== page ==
5G-A will support self-driving vehicles and industrial mechanization. There will also be advancements in IoT and machine-to-machine (M2M) communication, and the Enhanced integration of Artificial Intelligence (AI) and Machine Learning (ML) will optimize network operation.

The good news for gamers is that 5G-A will enable truly immersive XR (AR/VR) and cloud gaming.

5G Advanced and India

As of August 2023, Jio and Airtel collectively serve more than 10,000 cities, indicating that India has made substantial strides in the deployment of 5G. Nevertheless, India is currently concentrating on the deployment of basic 5G coverage and has not yet disclosed its intentions for 5G Advanced.

Obtaining right-of-way permissions, complex licensing regimes and high taxation on the telecommunications sector are among the primary obstacles that Indian industries encounter in their 5G implementation. The government has been supportive of mobile telecom since Manmohan Singh’s tenure as the Prime Minister of India. Subsequent governments have allocated spectrum, expedited licensing, and provided subsidies to support the industry.

India is currently building its 5G ecosystem on top of its existing 4G infrastructure; however, significant investments are still required to upgrade networks for 5G operation. The implementation has been significantly facilitated by the collaboration of regulators, equipment manufacturers, and telecom operators.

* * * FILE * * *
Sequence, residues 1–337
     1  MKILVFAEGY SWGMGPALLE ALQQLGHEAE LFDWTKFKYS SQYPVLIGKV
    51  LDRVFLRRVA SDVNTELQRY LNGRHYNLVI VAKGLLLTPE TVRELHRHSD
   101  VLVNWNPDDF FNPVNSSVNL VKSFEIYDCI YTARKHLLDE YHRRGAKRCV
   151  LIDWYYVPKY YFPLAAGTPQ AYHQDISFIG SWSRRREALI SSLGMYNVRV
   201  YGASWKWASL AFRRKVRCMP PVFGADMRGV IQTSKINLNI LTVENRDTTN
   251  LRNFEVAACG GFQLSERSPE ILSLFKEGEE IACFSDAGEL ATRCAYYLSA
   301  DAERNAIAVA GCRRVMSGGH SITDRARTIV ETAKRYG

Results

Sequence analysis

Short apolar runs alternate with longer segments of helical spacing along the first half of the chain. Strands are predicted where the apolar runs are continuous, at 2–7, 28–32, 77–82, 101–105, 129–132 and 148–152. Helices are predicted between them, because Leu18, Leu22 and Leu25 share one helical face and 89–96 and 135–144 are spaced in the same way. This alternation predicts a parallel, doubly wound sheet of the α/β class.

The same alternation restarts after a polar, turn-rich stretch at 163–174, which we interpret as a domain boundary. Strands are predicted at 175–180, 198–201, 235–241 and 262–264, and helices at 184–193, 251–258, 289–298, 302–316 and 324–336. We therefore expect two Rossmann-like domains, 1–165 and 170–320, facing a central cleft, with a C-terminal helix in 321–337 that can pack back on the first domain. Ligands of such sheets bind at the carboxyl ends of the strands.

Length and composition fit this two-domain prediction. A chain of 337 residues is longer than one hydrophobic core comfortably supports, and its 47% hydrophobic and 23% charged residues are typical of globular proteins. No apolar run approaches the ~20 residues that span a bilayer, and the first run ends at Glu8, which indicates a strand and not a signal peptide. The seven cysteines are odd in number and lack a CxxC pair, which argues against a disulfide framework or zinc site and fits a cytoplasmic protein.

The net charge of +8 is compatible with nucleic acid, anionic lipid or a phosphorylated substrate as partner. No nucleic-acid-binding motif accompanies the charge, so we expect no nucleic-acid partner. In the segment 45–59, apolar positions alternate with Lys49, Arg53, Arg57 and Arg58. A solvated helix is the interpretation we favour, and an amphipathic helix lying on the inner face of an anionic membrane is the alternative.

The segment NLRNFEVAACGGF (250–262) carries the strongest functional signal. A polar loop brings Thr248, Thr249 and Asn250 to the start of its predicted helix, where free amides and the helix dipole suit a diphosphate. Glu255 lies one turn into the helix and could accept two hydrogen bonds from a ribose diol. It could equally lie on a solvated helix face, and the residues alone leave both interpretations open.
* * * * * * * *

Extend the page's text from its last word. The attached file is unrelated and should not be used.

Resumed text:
However, this does not imply that India is not actively pursuing measures to implement it. The standardization procedure for the initial release (3GPP Release 18) was completed in June 2024, facilitating the progress of development and implementation.

The full capabilities of 5G Advanced are expected to be realized in the coming years with the implementation of Release 18, and further enhancements will be added with the completion of Release 19 by the end of 2025.

The International Institute of Information Technology Bangalore (IIIT-B) spearheads a national initiative to conduct research and development (R&D) for 5G Advanced and even 6G. It is dedicated to developing intellectual property rights and promoting businesses in this field.

India vs China in 5G

At present, India is considerably behind China in terms of 5G implementation. In 2019, China initiated the deployment of 5G services, whereas the Indian government has only recently authorized spectrum auctions in 2022.

Initially, the Indian government set exorbitant prices for the 5G spectrum auctions. Telecom operators considered these prices insufficient, particularly given India’s lower average revenue per user (ARPU) compared to China.

India had approximately 20 million 5G connections as of February 2023, which is significantly lower than the 70 million connections anticipated by the Telecom Authority of India (TRAI) in its 5G paper for 2025. As of May 2024, it is estimated that there are more than 890 million 5G consumers in China. This accounts for more than half of the global 5G user base.

Policy restrictions, exorbitant spectrum prices, and deficient fiber networks have impeded India’s 5G deployment.

Conversely, China has prioritized 5G as part of its Made in China 2025 initiative. In comparison to the United States, which accounts for 35.2% of global 6G patent applications, Chinese corporations and universities account for 40.3%.

China is also offering financial and technical assistance to build 5G networks in other regions, such as Africa and West Asia, while India is still grappling with its own deployment.